This wildly popular bolt-action rifle is considered an icon among collectors and American sportsmen alike. First introduced in 1936, the Model 70 was escalated to an elite status by the great outdoorsman and writer Jack O’Connor, who documented countless adventures with his trusty bolt gun. Anyone familiar with Jack knows his favorite chambering for his Model 70 was the .270 Winchester, which coincidentally debuted in 1925 as a chambering for the Model 54, the direct predecessor of the Model 70.
The Model 70 rifle featured a sturdy control round feed action, which was based on the earlier Mauser 98 design. Its receiver was machined from a solid block of steel, and the bolt featured the Mauser-like non-rotating claw extractor that securely guided the cartridge from the magazine to the chamber. The barrel rifling was hand cut and the trigger guard and floorplate were machined from steel.
For 28 years the Winchester Model 70 had built its reputation by performing better than any hunting rifle before it, which helped earn it the moniker “The Rifleman’s Rifle”. However, that quality and performance came at a cost, manufacturing cost to be specific. This greatly limited Winchester’s ability to compete on price against any would be competitors. So, when a popular new and more affordable model known as the Remington 700 began to take up a large chunk of the sporting rifle market share, Winchester decided it was time to make some changes.
The Winchester's designers went to work on lowering the cost of producing their prize rifle. By 1964 the redesigned Winchester 70 was ready for store shelves, but all of the sportsmen and gun writers that offered nothing but praise for the previous Model 70, were now very critical of Winchester’s choices.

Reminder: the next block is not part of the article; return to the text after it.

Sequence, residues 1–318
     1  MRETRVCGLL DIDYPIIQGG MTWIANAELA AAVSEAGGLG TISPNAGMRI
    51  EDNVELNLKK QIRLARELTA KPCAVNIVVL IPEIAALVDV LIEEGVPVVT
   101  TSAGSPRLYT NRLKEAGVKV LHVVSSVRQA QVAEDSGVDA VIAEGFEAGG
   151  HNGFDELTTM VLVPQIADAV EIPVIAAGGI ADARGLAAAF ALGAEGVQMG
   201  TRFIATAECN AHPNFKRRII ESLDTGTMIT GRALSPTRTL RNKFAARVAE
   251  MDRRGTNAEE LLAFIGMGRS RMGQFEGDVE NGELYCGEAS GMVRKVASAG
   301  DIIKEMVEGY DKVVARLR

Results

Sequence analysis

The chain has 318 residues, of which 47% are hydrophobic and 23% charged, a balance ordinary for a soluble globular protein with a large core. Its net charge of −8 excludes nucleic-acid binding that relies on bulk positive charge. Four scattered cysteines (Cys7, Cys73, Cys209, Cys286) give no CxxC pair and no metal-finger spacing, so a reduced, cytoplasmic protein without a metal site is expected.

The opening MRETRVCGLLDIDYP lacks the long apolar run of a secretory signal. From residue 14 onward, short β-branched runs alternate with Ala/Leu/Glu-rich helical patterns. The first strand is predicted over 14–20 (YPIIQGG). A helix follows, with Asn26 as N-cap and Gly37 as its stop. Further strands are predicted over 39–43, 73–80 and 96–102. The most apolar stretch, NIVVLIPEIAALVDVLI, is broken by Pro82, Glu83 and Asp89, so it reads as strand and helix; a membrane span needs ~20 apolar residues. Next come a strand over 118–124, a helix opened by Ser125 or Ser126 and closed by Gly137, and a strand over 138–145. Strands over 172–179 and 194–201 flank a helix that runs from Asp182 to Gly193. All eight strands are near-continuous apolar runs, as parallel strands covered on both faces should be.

The receiver on all Post-64 models would be forged into shape and then machined. The bolt face was enclosed, similar to the push-feed Remington. It provided the locked up action with added element of safety, which was great, but this made it impossible for the Model 70 to remain the control round feed that many Winchester owners had grown to favor. The new extractor was small and wedged-shaped, and it clipped over the cartridge only after it was inserted into the chamber. The barrel rifling was hammer forged to cut cost and the trigger guard and floorplate were now produced from a stamped aluminum alloy.
Jack O’Connor was likely the most well respected critic of the new rifle and had no issue voicing his concerns to the Winchester brass. He found the redesigned Winchester to be ugly, and didn’t believe that it would appeal to its previously loyal consumer base. Winchester took some of his critique into serious consideration, and before the release of the Post-64 Model 70, they did actually change the trigger guard and floorplate. They incorporated another aluminum version that had been used on a previous Model 70 Featherweight model. They also decided to add some checkering and clean up the lines of the stock. However, Jack was right and the new version did not initially sell very well.
The future would hold many more changes for Winchester and their guns, which even included changes in ownership. Over time, the Model 70 would slowly regain its fan base as Winchester managed to make it a much more attractive rifle, and the newer generations of shooters became farther removed from the Winchester debacles of the 1960s. But among gun collectors and older sportsmen the quality and character of the Pre-64 models will remain unmatched.
FYI: FN Herstal now oversees all manufacturing of current production Winchester Model 70 rifles in Columbia, South Carolina.